Hardie Grant Books in conversation with Tristan Schultz
Tristan Schultz, a Gamilaraay man of Aboriginal and European Australian descent, is the founder and co-director of Relative Creative, a Gold Coast based communication and strategic design agency. He has a Bachelor of Design majoring in product design, a Masters of Design Futures with Honours and a PhD in Design. He is also currently Honorary Adjunct Fellow at the University of Technology, Sydney in the Design School and Honorary Principal Research Fellow at RMIT, Melbourne.
Tristan is also the designer for several First Nations titles published by Hardie Grant Explore, including Dear Son by Thomas Mayor, as well as Fire Country and Looking After Country with Fire (January 2022) by Victor Steffensen. We asked Tristan about his design practice, his thoughts on challenging dominant perceptions of commercial success, and using design to expand perspectives.
1. Tell us about your process working on the recent designs for Dear Son and Looking After Country with Fire. How did the message of these books influence your ideas?
Although I have come to incorporate book design into my design practice only in the last few years, I have worked as a professional designer for about 18 years. I have worked across product design, including packaging, graphic design, illustration, along with more interdisciplinary fields of service design, systems design, UX and experience design, interpretive design for museums and galleries and more. I also have a PhD in Design and lecture at various universities. I have published book chapters, academic journals and other articles. I say this because for me book design is an opportunity to have a vessel to bring all my skills together in one contained artifact.
My design process for Dear Son and Looking After Country with Fire is similar to how I approach most design projects. I first immersed myself in the content, including speaking to the authors to get a conversational sense of the intent of the book. I instantly begin thinking visually. I think about a visual typology that respects the messages in the books. I ask myself questions like, do themes or chapters have a taste, a colour, a texture or pattern. I think about how people read the visual and how we might be able to nudge people’s perceptions away from negative stereotypes or colonial tropes. This is to say that I consider the critical visual discourse at play.
All this then leads to open experimentation of different ways to visually express the visual typology. For Dear Son, the publisher had decided on a book cover artist, so my role was to allow their process to unfold, then explore a design with their work. The author, artist and myself had a couple creative yarns about ideas and from these it was clear that we wanted the reader, perhaps a father, to see an image of a son reflected back at them, a son that has learned lessons from a father and is on a positive path. For the typography of the cover it was important to me to capture the presence of the hand, of a hand writing a letter. This humanises the experience of reading the letters. A reader can feel as though they’re closer to the letter, perhaps it was a letter handwritten in the type style of the cover. Handwriting with irregular proportions like this suggests a subtle rebellious nature, a visual way of saying to the reader this book is about personal tumultuous stories. I practiced quite a bit to get the style to feel as though it was written by an everyday dad; a non-designer scribbling on the back of a bit of paper. We decided a colour and an image for each author should be present in the design so I illustrated images in a kind of rapid thumbnail style, again, in a similar way to how one might scribble out an image while they’re writing a letter. All this softness; the clouds, pastel colours, photo memories on the cover, scribbly illustrative style, was then balanced, or visually brought under control, with a strong and bold pull quote type treatment, as if to say, yes I am soft, but I am also strong and resilient and I have something with resolve and potency to say.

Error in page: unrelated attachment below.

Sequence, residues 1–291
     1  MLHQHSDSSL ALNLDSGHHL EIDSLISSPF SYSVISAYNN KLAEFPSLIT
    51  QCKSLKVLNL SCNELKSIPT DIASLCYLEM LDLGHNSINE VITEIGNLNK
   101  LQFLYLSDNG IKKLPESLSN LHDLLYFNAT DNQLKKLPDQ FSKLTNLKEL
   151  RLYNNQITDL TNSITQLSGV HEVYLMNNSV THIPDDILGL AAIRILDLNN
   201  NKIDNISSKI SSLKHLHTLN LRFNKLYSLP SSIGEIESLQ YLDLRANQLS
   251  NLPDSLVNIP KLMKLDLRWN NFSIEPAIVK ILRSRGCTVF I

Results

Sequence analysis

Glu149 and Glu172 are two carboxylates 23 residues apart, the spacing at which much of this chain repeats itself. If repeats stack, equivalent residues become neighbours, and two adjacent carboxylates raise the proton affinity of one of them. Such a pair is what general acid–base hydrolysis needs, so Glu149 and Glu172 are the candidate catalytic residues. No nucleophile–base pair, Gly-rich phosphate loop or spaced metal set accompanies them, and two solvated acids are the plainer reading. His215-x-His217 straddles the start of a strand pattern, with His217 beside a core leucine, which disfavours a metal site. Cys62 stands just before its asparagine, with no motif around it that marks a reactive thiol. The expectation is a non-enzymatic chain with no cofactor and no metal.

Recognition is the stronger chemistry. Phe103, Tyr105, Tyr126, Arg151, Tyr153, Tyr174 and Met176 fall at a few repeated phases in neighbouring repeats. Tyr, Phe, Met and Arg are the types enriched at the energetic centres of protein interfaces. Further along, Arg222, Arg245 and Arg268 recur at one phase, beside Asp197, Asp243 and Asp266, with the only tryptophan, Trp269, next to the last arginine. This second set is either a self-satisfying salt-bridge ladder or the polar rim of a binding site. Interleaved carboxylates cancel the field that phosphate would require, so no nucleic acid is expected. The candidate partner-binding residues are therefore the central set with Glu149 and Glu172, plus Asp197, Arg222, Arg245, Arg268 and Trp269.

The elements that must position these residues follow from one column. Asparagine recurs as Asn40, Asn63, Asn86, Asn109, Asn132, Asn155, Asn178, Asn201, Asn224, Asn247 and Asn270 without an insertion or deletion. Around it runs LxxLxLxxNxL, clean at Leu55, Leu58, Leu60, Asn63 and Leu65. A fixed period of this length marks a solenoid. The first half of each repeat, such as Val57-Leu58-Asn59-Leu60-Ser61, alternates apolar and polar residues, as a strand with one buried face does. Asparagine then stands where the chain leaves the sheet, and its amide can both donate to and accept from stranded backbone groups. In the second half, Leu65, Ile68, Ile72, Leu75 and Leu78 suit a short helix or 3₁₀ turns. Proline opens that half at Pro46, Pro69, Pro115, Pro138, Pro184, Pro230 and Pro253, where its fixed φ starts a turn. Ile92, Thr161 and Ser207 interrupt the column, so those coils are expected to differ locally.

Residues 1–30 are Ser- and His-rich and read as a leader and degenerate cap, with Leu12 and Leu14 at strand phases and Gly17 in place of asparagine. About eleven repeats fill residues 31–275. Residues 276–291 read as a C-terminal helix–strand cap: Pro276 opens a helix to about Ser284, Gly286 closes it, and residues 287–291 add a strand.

Looking After Country with Fire, a children’s picture book, was a follow up to the author’s adult non-fiction book Fire Country. I designed and illustrated the cover of Fire Country so I had already become close to the content and messages, to the author’s intent and the visual typologies at play. For Fire Country this all boiled down to one potent image; an outstretched Elders hand offering to Australia their wisdom held in a firestick, should the nation care to listen. A firestick is a handful of half dry long grass and bark wrapped up, not too loose, not too tight, cool at the base and warm at the top. The symmetry in the cover was a strategy to remind the visual reader that Indigenous Knowledge is contemporary and sophisticated, not of some uncontrollable out-dated time. The colours were to connote that amidst the dense bush green, red and yellow raw fire can be managed by a single intelligible hand. The complexity in the illustration linework was to connote the relational indicators Victor speaks of when reading the land.